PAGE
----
According to Learning Solutions magazine, people forget about half of any new knowledge they learn within an hour, and up to 90% of the material is lost within a week. That means that no matter how skilled a worker is, they will almost certainly require employee retraining at some point to ensure that they are providing the best possible service to clients.

Read More: How To Counter the Forgetting Curve Using Microlearning

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Employers who take the time to go over the specifics of an employee’s duties will reap the benefits of more thorough, informed employees who require less supervision.

Employee retraining has a good possibility of translating into improved customer service, which can assist in boosting customer loyalty and keep customers coming back to the company. Business owners who are concerned about the cost of staff retraining should not let this stop them.

5. Enhanced Adaptability

flexible workplaces

Retraining is a natural component of running a business in the twenty-first century in various ways. As technology becomes a more significant element of day-to-day business operations, owners will need to keep employees updated on the latest technologies in the workplace to keep things operating smoothly. Employees who do not know how to use a cash register or another piece of equipment will slow down operations and irritate consumers who expect quick, polite, and precise service.

Furthermore, retraining employees will reduce the amount of time business owners must watch or assist staff with their responsibilities because they are unsure how to operate store equipment correctly. This will enable each employee to fulfill their tasks on schedule, allowing the company to expand.

6. Boost in Employee Growth

employee growth

Financial growth is the bottom line of any organization. There would be no need for a workforce if one could do it alone. And every employee must be educated. Your company’s growth will be aided by greater employee retraining. Your most valuable employees are aspirational and have room for advancement. By providing them with the necessary training, they will achieve those difficult-to-achieve objectives that only the most brilliant and dedicated staff can.

Companies show their staff that they are appreciated and important by investing in employee retraining. Because training provides employees with access to information they otherwise would not have had, they feel rewarded with a sense of satisfaction lacking among employees at companies with weak training programs. This goes a long way toward helping employees feel valued and fulfilled in their jobs.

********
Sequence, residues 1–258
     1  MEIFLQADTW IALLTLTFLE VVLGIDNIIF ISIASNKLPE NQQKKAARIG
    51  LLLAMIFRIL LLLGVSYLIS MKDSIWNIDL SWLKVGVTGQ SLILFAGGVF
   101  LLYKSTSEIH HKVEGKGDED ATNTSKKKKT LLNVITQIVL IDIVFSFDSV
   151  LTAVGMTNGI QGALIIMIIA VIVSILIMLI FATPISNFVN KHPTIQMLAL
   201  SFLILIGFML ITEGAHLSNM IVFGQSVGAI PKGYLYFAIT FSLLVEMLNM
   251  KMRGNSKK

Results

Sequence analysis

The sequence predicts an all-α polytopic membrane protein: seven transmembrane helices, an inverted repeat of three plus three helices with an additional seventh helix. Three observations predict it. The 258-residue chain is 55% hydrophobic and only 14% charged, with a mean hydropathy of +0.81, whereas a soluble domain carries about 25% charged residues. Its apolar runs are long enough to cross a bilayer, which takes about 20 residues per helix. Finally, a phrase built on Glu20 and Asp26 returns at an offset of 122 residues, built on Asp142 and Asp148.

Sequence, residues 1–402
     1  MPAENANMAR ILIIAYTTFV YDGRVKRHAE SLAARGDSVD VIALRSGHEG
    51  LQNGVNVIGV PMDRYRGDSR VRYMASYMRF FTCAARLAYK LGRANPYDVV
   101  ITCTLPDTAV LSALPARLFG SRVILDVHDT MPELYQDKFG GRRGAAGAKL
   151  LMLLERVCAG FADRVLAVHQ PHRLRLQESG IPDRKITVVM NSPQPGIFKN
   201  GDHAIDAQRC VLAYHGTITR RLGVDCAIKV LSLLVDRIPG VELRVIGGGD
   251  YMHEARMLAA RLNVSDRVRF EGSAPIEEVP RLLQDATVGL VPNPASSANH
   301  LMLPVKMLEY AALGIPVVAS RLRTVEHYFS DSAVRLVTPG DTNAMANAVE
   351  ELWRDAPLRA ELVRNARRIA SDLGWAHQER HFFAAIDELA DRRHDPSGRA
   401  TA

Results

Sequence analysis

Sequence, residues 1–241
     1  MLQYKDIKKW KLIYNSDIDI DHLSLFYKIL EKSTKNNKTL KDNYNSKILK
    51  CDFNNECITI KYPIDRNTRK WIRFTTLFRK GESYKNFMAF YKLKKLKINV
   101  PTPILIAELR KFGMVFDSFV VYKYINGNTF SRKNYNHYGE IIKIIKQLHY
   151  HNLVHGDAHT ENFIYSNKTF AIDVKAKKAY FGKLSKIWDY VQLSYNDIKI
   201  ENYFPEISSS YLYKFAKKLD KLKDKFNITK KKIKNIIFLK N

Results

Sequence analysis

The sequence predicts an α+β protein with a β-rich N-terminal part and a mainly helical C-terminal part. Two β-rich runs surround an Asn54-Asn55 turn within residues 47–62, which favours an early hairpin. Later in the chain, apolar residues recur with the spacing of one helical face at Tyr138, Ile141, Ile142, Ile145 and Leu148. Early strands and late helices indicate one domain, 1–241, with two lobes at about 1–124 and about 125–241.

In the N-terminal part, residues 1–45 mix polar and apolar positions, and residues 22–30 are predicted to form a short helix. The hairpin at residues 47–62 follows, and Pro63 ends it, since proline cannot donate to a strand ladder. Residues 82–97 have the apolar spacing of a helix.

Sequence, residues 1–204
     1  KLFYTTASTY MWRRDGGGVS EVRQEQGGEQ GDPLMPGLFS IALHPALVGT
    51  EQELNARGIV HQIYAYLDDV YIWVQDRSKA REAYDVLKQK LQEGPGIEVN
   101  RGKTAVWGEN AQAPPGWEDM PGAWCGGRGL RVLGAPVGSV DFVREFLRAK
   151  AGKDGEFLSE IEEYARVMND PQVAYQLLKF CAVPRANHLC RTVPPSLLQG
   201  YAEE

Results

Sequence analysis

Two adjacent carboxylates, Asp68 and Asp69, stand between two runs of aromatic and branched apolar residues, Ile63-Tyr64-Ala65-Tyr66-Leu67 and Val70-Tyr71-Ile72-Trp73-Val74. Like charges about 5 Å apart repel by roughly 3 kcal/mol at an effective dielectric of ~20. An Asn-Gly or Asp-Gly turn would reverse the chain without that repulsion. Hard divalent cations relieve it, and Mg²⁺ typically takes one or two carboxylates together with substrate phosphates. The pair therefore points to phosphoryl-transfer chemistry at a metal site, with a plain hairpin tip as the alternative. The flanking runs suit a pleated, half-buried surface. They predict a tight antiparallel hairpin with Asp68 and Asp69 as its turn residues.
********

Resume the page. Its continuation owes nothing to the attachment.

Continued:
7. Increased Consistency

employee retraining program

A well-designed employee retraining program guarantees that staff has the same level of expertise and understanding. When it comes to understanding procedures, products, or services, consistency is critical. A strong customer service training program, for example, guarantees that your agents and reps are more likely to provide clients with a consistent experience. Alternatively, for a sales team, this means that everyone understands how to give a terrific first demo. This is an excellent technique to ensure that all employees are informed of their team’s standards and best practices.

Finally, employee retraining is an excellent method to boost your company’s brand and reputation. Employees want to be able to participate in continual training and development. As a result, by providing various training options, your organization is more likely to attract new talent.

Final Word

Retraining and reskilling your personnel have few drawbacks and many benefits. Despite this, many businesses continue to pass up opportunities to implement initiatives to reduce employee turnover, boost corporate performance, and aid the transition to a more autonomous economy. In a market where millions of job openings go unfilled, as an employer, you must focus on maintaining your best employees and getting the most out of them by providing them with the skills they require to accomplish their jobs.

Furthermore, with technological advancements destined to impact the global economy profoundly, your organization cannot afford to be sluggish to respond. Employees who lack the requisite skills to succeed may put your firm on the verge of bankruptcy as you try to find the knowledge you need to stay afloat.

Ad: PlayAblo’s Enterprise-Grade Micro-Learning platform is built for the corporate learner. Micro-learning, along with assessments and gamification features, ensures learning outcome measurement along with sustained engagement.
Find out more and request a custom demo!